Saturday, 28 May 2011

Monaco Preview: Street-fighting Alonso to tame the Bulls?

There are lots of reasons to dislike the Monaco Grand Prix. The wealth on show is ostentatious, the poseur occupants of the yachts in the harbour in all probability have little interest in the sport in the rest of the year, and modern day F1 cars have long since outgrown the circuit. Nelson Piquet famously likened driving an F1 car there to trying to ride a motor cycle in your front room. But even with all this, for most F1 fans there's nothing quite like the Monaco Grand Prix. And when you've got Monaco you've got F1.

Further, in terms of driving challenge and the ability of an individual driver to make a difference over and above their car, Monaco is probably unparalleled on the calendar. And it's for this reason that many believe that today's qualifying session may finally see the Red Bulls step down from their usual front row dominance.

This theory holds some credence. Aerodynamics, the Red Bulls' trump card, count for less here, in the absence of a long, fast corner worthy of the name. Instead, nimbleness and change of direction is what you require, along with aggressive acrobatic driving. For this final point, many are looking in the direction of Fernando Alonso and Lewis Hamilton to upset the Bulls' predominance.

Indeed, Monaco's free practice has suggested that Alonso and the McLarens are right up there in the hunt for pole. Alonso has dominated practice so far, coming out on top this morning as well as in the second session yesterday, shaving the barriers while looking in control all the while (unlike his team mate, who while quick has also looked a bit lairy and has explored the track's outer limits on occasion). The way that the Ferrari scampered away from the final corner in Spain as Alonso led the first 19 laps in fine style indicated that he was always going to be a contender at the Monaco circuit, and he may well have been on pole here last year but for pranging his car in practice, forcing him to sit out the qualifying session. And Alonso's been in vintage form all season, China aside.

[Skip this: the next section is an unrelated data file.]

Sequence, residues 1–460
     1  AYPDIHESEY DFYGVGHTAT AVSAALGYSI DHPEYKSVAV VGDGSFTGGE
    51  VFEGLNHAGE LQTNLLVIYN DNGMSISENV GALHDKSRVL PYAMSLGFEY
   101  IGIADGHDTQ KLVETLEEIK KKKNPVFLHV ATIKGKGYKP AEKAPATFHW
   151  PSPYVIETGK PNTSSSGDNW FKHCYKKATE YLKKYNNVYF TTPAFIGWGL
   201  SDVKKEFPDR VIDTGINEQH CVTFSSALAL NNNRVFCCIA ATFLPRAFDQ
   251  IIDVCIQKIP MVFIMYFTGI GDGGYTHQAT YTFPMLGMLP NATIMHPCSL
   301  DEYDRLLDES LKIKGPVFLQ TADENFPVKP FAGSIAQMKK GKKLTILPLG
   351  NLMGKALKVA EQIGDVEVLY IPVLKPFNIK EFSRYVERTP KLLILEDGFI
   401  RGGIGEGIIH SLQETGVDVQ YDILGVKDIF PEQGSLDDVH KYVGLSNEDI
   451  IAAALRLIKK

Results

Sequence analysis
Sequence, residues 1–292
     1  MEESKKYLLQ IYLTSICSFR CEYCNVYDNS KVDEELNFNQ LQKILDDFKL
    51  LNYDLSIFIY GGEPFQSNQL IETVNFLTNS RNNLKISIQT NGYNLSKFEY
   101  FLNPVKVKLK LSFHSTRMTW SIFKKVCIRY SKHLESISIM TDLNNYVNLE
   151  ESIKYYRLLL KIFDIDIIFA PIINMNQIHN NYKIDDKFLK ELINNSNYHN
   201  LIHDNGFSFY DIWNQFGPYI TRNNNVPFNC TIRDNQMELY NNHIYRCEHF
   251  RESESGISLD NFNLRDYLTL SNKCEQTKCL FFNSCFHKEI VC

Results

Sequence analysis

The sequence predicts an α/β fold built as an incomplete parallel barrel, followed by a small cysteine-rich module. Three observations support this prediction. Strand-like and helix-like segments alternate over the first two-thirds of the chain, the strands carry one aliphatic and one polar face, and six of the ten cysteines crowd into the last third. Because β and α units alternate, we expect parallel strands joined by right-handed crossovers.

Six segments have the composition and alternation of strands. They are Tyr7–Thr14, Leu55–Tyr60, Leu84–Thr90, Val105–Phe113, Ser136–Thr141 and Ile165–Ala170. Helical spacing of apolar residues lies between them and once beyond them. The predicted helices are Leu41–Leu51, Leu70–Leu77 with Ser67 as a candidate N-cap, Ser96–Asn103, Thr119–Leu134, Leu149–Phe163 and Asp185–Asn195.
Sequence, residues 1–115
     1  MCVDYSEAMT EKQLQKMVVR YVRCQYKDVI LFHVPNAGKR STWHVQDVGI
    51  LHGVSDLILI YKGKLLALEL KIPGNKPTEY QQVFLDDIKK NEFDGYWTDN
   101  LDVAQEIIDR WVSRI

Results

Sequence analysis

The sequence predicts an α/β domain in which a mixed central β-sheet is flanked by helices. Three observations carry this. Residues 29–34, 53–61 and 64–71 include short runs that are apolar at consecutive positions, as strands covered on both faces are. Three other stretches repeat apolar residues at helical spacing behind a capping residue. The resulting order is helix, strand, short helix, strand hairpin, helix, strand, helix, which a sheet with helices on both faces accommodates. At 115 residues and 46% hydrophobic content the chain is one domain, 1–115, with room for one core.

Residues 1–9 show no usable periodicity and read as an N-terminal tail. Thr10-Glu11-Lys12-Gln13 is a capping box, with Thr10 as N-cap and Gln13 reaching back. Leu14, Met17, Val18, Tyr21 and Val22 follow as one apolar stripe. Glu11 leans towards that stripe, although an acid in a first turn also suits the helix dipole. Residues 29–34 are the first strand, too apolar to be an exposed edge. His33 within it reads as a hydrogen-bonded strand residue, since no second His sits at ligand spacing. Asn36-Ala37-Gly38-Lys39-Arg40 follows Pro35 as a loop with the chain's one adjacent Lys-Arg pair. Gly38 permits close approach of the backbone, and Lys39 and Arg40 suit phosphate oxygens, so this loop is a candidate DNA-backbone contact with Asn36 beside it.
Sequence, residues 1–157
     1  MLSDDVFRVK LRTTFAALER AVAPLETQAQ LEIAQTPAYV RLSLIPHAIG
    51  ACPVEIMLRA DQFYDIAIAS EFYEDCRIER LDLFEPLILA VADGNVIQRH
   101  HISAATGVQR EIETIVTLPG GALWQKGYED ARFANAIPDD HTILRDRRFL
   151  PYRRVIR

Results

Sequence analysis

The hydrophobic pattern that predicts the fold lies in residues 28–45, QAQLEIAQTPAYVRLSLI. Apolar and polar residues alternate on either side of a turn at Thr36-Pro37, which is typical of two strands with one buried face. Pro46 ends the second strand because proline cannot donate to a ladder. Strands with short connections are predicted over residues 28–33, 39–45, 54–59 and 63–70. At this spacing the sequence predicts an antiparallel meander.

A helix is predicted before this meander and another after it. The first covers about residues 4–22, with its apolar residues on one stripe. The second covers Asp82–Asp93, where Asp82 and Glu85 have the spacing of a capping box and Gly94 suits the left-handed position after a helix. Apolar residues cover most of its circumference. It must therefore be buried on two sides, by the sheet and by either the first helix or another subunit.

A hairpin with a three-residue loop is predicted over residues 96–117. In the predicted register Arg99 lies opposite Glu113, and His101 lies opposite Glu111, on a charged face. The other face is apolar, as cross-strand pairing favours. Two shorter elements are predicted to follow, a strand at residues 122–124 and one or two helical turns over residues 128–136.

Still, I feel that reports of the Red Bulls' death at Monaco this year are greatly exaggerated. They've demonstrated a consistent ability to pull rabbits out of the hat in qualifying sessions for some time (or 'blowing smoke up people's backsides' in practice, as Lewis put it). And the best car is still the best car, even at Monaco. By all accounts their hot blown diffuser is the best in the field, and that will be particularly beneficial in the qualifying hour here.

And then there's Sebastian Vettel, whom it has become fashionable to write off this weekend. Yes, his record at the Principality isn't great - he was beaten decisively by his team mate here last year, and smashed his car up early on two years ago (it's more easily forgotten that he finished a fine fifth here in 2008, having started 18th). But in both cases that was a very different Sebastian Vettel to the one on show this season. He keeps on proving us wrong in 2011 and demonstrating he's made strides in areas that were previously thought to be his weaknesses. His commitment and bravery, exactly what you need around Monaco's streets, has never been in question. Let's not write Seb off just yet.

Free practice 1 highlights, courtesy of the BBC

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